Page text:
Scout's honor: Brewers promote Califano

John Steadman

January 13, 1993|By John Steadman

They were there together as teammates -- Eddie Murray, Mike Flanagan, Dennis Martinez and Ken Califano -- assigned to Miami, then an Orioles farm club in the Florida State League. The first three pressed on to become major-league performers and reach the heights of baseball success.

There were All-Star recognitions, rich contracts, longevity and the amenities that went with it all. From the lowest rung on the minor-league ladder to the top.

And Califano? He met with an arm injury, underwent surgery and would, sad to recount, never be the same pitcher again. A prospect had been eliminated with a blown-out elbow, before having the chance to demonstrate his true ability. That's always regrettable.

But now things have taken a pleasing turn for Califano. The good fortune didn't fall out of the sky. It required hard work in an entirely different area of baseball pursuit. Patience, diligence and exceptional judgment were the characteristics that brought him attention.

Result: He's the new director of scouting for the Milwaukee Brewers, an important position that carries the authority to make personnel decisions for an entire organization. One of the men now working for him, Walter Youse, was responsible for giving him the opportunity that eventually led to his promotion.

"It was Walter who signed me for the Orioles in 1973," Califano said. "And then after I hurt my arm, he got me an opportunity in the California Angels' system. My throwing, after the operation, was more like that of a slinger than a pitcher. I didn't have the same arm action. After I quit pitching, it was Walter who groomed me for scouting. So he has been in strumental in giving me a lot of the early direction that has helped me immensely."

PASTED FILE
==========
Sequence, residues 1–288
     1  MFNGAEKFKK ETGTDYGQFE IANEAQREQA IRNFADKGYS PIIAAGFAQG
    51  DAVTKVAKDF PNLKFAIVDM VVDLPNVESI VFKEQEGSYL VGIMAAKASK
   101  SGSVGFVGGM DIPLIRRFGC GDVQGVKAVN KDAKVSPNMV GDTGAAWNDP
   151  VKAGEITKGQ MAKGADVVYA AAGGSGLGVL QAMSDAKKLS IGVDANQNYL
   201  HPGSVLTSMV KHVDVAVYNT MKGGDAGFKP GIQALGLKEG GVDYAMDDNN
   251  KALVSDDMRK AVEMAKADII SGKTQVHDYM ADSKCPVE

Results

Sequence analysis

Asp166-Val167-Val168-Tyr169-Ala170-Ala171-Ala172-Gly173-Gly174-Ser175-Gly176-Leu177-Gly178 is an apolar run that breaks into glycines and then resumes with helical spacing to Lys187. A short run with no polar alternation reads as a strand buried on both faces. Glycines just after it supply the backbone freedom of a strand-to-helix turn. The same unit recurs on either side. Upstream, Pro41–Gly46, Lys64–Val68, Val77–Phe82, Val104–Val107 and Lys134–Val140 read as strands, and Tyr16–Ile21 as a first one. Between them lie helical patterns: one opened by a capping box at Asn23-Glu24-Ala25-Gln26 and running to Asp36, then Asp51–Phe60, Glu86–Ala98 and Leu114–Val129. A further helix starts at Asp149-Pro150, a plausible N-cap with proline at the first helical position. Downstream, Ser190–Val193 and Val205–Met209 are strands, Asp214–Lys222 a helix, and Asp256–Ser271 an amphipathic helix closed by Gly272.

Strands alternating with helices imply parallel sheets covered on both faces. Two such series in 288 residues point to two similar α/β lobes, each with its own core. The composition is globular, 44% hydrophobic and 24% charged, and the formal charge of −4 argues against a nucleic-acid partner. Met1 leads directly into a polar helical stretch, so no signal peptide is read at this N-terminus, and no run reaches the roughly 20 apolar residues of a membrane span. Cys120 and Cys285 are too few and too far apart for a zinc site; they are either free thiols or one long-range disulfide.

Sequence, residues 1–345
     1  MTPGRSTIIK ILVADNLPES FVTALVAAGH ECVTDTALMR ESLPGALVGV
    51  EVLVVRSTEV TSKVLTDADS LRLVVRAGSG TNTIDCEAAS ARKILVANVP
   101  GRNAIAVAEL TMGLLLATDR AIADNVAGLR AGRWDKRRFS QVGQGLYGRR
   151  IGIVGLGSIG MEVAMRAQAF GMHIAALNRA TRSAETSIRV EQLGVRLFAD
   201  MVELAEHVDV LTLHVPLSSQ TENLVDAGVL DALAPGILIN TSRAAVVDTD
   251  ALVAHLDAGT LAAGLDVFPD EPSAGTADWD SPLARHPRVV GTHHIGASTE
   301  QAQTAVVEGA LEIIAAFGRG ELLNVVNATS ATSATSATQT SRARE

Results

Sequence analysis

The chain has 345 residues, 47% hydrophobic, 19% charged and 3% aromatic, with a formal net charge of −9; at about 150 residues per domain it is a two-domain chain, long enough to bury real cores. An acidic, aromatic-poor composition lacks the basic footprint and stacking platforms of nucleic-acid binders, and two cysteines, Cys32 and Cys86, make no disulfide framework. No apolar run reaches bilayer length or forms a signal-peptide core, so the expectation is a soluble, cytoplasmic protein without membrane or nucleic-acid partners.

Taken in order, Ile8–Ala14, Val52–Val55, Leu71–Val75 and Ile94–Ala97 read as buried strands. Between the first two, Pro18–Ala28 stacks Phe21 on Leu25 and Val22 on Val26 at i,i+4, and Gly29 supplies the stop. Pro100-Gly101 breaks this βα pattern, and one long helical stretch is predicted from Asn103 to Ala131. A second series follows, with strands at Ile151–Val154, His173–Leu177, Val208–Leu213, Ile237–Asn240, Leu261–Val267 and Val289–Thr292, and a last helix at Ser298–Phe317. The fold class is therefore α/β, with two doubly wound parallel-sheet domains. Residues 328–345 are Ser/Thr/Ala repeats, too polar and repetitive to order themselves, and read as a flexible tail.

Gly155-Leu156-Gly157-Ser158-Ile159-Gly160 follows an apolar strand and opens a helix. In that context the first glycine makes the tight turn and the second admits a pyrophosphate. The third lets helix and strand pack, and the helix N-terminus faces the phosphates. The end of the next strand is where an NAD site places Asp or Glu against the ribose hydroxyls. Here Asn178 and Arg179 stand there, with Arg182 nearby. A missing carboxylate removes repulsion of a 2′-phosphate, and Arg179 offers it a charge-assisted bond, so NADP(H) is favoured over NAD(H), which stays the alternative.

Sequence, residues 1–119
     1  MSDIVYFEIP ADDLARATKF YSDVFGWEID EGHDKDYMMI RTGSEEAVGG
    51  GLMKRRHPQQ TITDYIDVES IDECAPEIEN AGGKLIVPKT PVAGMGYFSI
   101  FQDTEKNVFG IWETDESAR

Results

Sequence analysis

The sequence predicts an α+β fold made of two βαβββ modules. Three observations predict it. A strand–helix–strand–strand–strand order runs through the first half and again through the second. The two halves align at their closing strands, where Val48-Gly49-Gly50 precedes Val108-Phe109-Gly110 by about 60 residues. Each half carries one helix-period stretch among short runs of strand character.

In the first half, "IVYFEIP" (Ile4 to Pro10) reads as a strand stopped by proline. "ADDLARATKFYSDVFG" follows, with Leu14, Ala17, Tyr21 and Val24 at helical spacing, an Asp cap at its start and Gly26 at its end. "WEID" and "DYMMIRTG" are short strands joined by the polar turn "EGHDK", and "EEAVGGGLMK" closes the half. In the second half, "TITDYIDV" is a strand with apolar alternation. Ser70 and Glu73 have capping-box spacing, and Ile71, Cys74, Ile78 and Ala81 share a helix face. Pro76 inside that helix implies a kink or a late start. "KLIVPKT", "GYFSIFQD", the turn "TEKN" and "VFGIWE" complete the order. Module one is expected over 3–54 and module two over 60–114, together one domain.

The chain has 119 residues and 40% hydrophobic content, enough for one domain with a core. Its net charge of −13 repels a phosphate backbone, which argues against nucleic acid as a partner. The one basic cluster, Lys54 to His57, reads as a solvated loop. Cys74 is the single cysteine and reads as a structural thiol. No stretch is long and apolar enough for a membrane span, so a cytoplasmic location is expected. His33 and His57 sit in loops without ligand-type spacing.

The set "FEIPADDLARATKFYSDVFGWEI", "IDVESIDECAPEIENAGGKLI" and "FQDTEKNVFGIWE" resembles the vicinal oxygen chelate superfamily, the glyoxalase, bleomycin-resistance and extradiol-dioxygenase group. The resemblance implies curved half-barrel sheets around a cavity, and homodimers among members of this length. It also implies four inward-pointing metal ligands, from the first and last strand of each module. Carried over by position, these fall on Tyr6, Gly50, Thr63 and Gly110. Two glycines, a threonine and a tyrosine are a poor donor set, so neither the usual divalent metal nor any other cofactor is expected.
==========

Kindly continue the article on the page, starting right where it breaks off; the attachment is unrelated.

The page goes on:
What specific lessons did he give that became ingrained in Califano's scouting philosophy?

"He was the perfect model for giving me the fundamentals," he said. "He always insisted it was essential to be entirely honest with the young players when you talked with them. And, just as vital, he said only to record in the scouting reports what your eyes told you -- not what someone else was saying or what you hoped to find in a prospect or wanted him to be."

That's rather basic but a solid approach to the business. Since 1979, the Milford Mill High School graduate, who spent a year at Essex Community College before signing with the Orioles, has been a full-time scout. He first served as an assistant to Youse and earned compliments that eventually led to numerous promotions. First, he was elevated to Northeast supervisor, then his area was extended to include the entire East Coast and, last year, the Brewers used him as a cross-checker in the evaluation of talent.

Now that he leaves Baltimore as his base of operations, the Brewers will continue to have Youse and Ron Rizzi, of Joppa, in the territory, assisted by Rick Waldt, who will be a part-time representative.

As for producing talent, it can become an encyclical proposition, as Maryland had eight players drafted last year, compared with none the year before.

"The so-called 'sleeper' is almost a thing of the past," Califano said. "With 28 teams scouting players, it means the odds are 28-to-1 you are going to get the choice you want. Occasionally, you may think you have a kid no other club knows about. Then you get shocked when you hear his name drafted on the fifth round by a rival organization."

There's no way to play out what might have happened to Califano, now 39, had he not felt that twinge in his left elbow after pitching a two-hitter for the Orioles' Miami affiliate in 1973.

"I remember just like it was yesterday," he recalled. "I had pitched the first game of a doubleheader. Mike Flanagan worked the second game and as he got ready to warm up he told me, 'Ken, you are a tough act to follow.' But he went out and won, too."

In Califano's next outing he knew the arm had been damaged. Still, he tried to fight his way through the pain and life in the minor leagues. Meanwhile, Murray, Flanagan and Martinez went on to establish themselves in the majors in a relatively short time. It just took longer for Califano. That's one way to explain it.

But, indeed, he went off in another direction, thanks again to Youse, who recognized his attitude and aptitude. Five candidates were interviewed for the Brewers' scouting directorship but Califano's record, plus personality, judgment and ability to communicate, made him the foremost choice. It's an appointment earned on merit.

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